The Tutsi militia was soon joined by various opposition groups and supported by several countries, including Rwanda and Uganda. This coalition, led by Laurent-Desire Kabila, became known as the Alliance des Forces Démocratiques pour la Libération du Congo-Zaïre (AFDL). The AFDL, now seeking the broader goal of ousting Mobutu, made significant military gains in early 1997. They were soon joined by various Zairean politicians, who had been unsuccessfully opposing the dictatorship of Mobutu for many years, and now saw an opportunity for them in the invasion of Zaire by two of the region's strongest military forces. Following failed peace talks between Mobutu and Kabila in May 1997, Mobutu left the country, and Kabila marched unopposed to Kinshasa on 20 May. Kabila named himself president, consolidated power around himself and the AFDL, and reverted the name of the country to the Democratic Republic of Congo.
Second Congo War (1998–2003)
Kabila demonstrated little ability to manage the problems of his country, and lost his allies. To counterbalance the power and influence of Rwanda in DRC, the Ugandan troops instigated the creation of another rebel movement called the Movement for the Liberation of Congo (MLC), led by the Congolese warlord Jean-Pierre Bemba. They attacked in August 1998, backed by Rwandan and Ugandan troops. Soon afterwards, Angola, Namibia, and Zimbabwe became involved militarily in the Congo, with Angola and Zimbabwe supporting the government. While the six African governments involved in the war signed a ceasefire accord in Lusaka in July 1999, the Congolese rebels did not and the ceasefire broke down within months. However, Kabila was assassinated in 2001 by one of his bodyguards and was succeeded by his son, Joseph. Upon taking office, Kabila called for multilateral peace talks to end the war. Kabila partly succeeded when a further peace deal was brokered between him, Uganda, and Rwanda leading to the apparent withdrawal of foreign troops.
Currently, the Ugandans and the MLC still hold a 200-mile (320 km) wide section of the north of the country; Rwandan forces and its front, the Rassemblement Congolais pour la Démocratie (RCD) control a large section of the east; and government forces or their allies hold the west and south of the country. There were reports that the conflict is being prolonged as a cover for extensive looting of the substantial natural resources in the country, including diamonds, copper, zinc, and coltan. The conflict was reignited in January 2002 by ethnic clashes in the northeast and both Uganda and Rwanda then halted their withdrawal and sent in more troops. Talks between Kabila and the rebel leaders, held in Sun City, lasted a full six weeks, beginning in April 2002. In June, they signed a peace accord in which Kabila would share power with former rebels. By June 2003, all foreign armies except those of Rwanda had pulled out of Congo. Few people in the Congo have been unaffected by the armed conflict. A survey conducted in 2009 by the ICRC and Ipsos shows that three quarters (76%) of the people interviewed have been affected in some way–either personally or due to the wider consequences of armed conflict.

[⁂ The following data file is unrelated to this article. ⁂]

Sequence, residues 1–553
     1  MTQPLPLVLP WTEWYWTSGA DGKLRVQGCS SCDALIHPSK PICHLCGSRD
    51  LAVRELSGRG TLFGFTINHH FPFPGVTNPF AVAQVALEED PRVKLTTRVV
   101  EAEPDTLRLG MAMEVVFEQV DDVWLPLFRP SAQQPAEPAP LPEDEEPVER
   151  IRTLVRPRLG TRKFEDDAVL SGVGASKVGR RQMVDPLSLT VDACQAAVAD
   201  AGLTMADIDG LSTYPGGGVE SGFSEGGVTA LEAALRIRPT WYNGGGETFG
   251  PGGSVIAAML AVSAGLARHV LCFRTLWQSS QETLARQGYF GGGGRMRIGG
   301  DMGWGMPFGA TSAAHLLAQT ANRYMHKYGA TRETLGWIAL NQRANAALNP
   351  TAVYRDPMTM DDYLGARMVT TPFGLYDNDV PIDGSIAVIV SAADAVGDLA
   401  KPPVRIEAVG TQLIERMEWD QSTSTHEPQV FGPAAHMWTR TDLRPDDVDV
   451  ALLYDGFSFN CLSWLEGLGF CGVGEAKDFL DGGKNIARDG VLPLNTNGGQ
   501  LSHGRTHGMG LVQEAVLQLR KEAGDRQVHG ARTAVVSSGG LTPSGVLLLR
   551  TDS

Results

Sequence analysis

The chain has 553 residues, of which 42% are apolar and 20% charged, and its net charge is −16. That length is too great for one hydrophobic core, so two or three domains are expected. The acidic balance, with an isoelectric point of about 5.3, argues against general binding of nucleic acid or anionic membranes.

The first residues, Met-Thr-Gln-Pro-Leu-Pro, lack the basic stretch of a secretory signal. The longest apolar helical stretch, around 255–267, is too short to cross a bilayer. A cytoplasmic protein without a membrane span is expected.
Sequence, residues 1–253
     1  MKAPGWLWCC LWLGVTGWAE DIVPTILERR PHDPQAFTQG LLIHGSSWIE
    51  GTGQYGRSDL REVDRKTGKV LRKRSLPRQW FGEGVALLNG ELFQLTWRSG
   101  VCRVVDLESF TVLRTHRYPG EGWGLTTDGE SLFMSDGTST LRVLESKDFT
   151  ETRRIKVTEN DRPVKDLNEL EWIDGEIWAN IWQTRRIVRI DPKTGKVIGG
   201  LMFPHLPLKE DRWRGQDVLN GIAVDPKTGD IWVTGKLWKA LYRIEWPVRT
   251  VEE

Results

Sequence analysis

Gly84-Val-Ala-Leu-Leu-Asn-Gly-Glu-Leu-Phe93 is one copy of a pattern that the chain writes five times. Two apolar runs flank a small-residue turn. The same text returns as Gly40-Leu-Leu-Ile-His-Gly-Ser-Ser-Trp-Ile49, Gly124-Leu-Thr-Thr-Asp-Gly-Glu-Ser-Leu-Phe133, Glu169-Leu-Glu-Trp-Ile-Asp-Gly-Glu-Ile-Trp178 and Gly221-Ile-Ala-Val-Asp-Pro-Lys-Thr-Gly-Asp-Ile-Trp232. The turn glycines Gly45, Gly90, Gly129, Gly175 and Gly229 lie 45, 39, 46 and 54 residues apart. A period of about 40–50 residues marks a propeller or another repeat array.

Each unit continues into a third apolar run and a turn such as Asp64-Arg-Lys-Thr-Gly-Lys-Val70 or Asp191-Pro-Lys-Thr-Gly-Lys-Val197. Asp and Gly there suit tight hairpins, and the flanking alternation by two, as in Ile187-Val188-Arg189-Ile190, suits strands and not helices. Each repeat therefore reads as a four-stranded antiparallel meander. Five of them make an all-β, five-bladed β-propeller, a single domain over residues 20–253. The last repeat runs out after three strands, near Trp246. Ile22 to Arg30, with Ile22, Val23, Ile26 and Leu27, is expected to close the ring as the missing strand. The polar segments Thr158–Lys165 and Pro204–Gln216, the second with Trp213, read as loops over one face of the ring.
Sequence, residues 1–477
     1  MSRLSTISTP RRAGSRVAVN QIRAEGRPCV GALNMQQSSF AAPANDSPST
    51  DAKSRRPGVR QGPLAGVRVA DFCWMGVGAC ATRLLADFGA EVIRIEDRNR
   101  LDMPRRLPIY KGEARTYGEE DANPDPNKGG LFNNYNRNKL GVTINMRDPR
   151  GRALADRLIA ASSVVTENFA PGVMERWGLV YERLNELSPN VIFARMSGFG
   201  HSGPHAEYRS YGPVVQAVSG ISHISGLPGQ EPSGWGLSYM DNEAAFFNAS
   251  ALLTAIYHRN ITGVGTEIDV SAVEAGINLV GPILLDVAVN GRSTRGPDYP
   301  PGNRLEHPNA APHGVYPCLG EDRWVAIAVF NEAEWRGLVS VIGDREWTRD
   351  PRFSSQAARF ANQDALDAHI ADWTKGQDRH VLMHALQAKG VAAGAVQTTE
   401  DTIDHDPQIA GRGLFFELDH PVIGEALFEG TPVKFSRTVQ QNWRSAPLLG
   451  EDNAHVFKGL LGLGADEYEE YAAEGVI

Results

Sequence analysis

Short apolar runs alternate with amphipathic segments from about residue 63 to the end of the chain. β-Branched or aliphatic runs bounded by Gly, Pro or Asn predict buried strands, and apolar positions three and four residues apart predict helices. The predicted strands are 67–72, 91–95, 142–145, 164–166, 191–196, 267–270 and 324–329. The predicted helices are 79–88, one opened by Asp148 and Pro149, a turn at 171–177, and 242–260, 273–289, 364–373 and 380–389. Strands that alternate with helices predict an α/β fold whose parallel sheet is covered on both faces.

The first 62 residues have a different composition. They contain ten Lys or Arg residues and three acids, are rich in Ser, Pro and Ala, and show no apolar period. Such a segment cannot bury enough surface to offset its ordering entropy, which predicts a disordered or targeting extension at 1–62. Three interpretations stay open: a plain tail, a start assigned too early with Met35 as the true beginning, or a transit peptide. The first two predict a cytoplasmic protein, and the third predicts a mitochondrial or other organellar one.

The response of the international community has been incommensurate with the scale of the disaster resulting from the war in the Congo. Its support for political and diplomatic efforts to end the war has been relatively consistent, but it has taken no effective steps to abide by repeated pledges to demand accountability for the war crimes and crimes against humanity that were routinely committed in Congo. United Nations Security Council and the U.N. Secretary-General have frequently denounced human rights abuses and the humanitarian disaster that the war unleashed on the local population. But they had shown little will to tackle the responsibility of occupying powers for the atrocities taking place in areas under their control, areas where the worst violence in the country took place. Hence Rwanda, like Uganda, has escaped any significant sanction for its role.
Transitional government (2003–06)
DR Congo had a transitional government in July 2003 until the election was over. A constitution was approved by voters and on 30 July 2006 the Congo held its first multi-party elections since independence in 1960. After this Joseph Kabila took 45% of the votes and his opponent Jean-Pierre Bemba took 20%. That was the origin of a fight between the two parts from 20–22 August 2006 in the streets of the capital, Kinshasa. Sixteen people died before policemen and UN mission MONUC took control of the city. A new election was held on 29 October 2006, which Kabila won with 70% of the vote. Bemba has publicly commented on election "irregularities," despite the fact that every neutral observer has praised the elections. On 6 December 2006 the Transitional Government came to an end as Joseph Kabila was sworn in as President.